Grass ringing

Long lived tradition

The wake-up call of the bells: their noise goes through marrow like leg and deep into the earth. There, after a barren winter, the grass is awakened. Full it shall grow. That is the goal. That's what they take care of every year - the "Grasausläuter" in Schwaz.

Whoever wants to sleep in his so cozy bed in Schwaz long and enjoyable on this day, can not. "That's why we leave already at half past nine - people have to fly out of their beds," admits Reinhard Hechenblaickner. Remorse or pity are the last emotions that move him during this confession. That's how it is. And that's how it should be. No, this is how it has to be, after all, the noise that sends the people of Schwaz flying from their beds has a miraculous purpose. "We finally drive out the winter and ring out the grass - that it starts to sprout and grow again," he still says.

Shaking up the earth

Reinhard Hechenblaickner is a lieutenant. On this very special day, however, his title doesn't make anyone stand at attention. On the contrary. Movement is what flows through the city of Schwaz acoustically and quite concretely when Hechenblaickner and his comrades of the First Schwaz Rifle Company set off to shake awake not only the sleepyheads but rather the earth itself with enormously loud ringing.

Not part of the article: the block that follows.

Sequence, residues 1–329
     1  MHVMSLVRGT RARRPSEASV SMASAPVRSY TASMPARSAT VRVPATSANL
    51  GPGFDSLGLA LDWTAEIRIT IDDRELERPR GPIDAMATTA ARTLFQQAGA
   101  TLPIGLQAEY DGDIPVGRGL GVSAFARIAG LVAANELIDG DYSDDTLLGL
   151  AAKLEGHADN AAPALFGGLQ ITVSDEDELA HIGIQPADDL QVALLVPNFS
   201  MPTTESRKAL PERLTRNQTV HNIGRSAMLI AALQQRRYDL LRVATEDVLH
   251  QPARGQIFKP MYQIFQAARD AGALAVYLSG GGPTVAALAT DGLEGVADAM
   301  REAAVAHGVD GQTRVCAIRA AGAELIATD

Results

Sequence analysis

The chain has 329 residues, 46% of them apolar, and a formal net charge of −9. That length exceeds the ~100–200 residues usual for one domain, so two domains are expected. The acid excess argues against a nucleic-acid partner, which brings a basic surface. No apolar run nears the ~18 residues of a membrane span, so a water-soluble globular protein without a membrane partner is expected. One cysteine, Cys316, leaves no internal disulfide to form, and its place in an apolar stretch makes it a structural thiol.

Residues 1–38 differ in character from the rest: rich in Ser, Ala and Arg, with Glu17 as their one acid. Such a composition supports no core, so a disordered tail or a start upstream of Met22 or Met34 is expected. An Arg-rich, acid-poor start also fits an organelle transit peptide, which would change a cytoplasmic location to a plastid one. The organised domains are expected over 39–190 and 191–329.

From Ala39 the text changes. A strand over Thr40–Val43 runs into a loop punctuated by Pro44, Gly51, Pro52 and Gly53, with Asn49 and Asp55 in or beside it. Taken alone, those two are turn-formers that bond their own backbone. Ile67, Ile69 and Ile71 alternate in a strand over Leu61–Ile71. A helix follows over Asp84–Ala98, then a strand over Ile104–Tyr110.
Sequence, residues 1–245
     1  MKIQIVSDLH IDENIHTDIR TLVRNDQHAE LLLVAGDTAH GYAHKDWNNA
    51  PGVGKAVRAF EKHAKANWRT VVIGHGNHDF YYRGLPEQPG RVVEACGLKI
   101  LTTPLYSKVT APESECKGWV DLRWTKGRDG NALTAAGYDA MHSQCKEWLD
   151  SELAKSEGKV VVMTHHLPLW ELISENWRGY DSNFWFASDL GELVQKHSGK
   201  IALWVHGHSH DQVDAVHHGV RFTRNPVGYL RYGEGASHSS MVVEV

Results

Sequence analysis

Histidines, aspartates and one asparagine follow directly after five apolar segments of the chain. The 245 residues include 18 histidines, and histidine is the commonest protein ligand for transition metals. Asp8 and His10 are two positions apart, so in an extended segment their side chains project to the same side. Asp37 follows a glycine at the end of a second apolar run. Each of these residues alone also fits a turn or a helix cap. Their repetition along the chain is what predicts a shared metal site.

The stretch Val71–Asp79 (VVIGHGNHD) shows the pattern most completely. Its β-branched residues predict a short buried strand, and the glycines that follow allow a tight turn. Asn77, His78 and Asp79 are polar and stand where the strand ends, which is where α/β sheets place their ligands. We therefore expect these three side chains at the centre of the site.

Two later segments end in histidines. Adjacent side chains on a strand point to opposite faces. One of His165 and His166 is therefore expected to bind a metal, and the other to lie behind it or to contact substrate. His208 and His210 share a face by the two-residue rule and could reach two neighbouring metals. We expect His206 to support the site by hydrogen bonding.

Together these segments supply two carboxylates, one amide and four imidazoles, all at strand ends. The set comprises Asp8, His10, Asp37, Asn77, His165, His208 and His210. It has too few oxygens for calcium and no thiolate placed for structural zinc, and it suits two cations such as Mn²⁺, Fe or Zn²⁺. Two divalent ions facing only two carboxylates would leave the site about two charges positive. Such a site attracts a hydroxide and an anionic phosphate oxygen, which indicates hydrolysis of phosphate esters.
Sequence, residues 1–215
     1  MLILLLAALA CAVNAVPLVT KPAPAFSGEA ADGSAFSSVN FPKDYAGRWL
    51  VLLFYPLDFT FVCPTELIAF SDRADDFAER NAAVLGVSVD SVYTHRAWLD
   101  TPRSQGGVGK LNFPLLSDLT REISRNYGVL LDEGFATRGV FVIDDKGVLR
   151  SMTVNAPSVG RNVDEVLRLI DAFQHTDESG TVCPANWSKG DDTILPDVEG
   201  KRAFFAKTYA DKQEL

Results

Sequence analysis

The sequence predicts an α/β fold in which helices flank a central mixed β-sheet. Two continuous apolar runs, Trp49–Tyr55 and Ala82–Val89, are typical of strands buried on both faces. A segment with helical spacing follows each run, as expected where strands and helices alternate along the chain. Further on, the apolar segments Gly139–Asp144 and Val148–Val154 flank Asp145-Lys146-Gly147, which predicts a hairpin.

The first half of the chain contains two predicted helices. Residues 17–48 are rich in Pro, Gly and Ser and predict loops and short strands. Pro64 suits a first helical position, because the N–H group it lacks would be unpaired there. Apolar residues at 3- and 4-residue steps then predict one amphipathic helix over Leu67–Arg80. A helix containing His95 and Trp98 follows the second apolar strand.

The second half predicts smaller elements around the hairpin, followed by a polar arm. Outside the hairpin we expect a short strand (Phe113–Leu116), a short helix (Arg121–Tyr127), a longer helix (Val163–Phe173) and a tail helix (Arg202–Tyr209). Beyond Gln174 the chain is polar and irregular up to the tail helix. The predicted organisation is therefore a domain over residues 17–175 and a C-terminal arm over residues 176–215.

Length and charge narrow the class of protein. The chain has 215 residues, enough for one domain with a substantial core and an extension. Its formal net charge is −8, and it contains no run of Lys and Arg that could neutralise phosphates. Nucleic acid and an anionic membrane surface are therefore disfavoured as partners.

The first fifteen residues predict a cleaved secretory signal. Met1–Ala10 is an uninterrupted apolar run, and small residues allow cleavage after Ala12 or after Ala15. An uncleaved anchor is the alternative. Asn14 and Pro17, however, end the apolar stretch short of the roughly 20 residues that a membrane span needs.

All kinds of mischief

So exactly no one actually knows how old this custom is. Perhaps that is also not so important, it is nevertheless a matter of the fact that thereby a tradition lives on, whose sense and purpose could be hardly more beautiful. But the historical "G'schichtl'n" are always exciting. In her book "Volkskundliches aus dem bayrisch-österreichischen Alpengebiet" (Folklore from the Bavarian-Austrian Alpine Region) from 1910, Marie Andree-Eysn quoted Franz Wieser or rather from his communications and recorded in beautiful old German script that the Grasausläuter in Schwaz used to wear masks and thereby approached the Perchten. "But the masks came off and the Grasausläuter then painted their faces with soot and, since they were always served schnapps by the farmers, got up to all kinds of mischief, so that the authorities stopped the Grasausläuten. Now it is allowed again in a moderate form and the boys get now, where they come, mostly milk as a drink," she writes.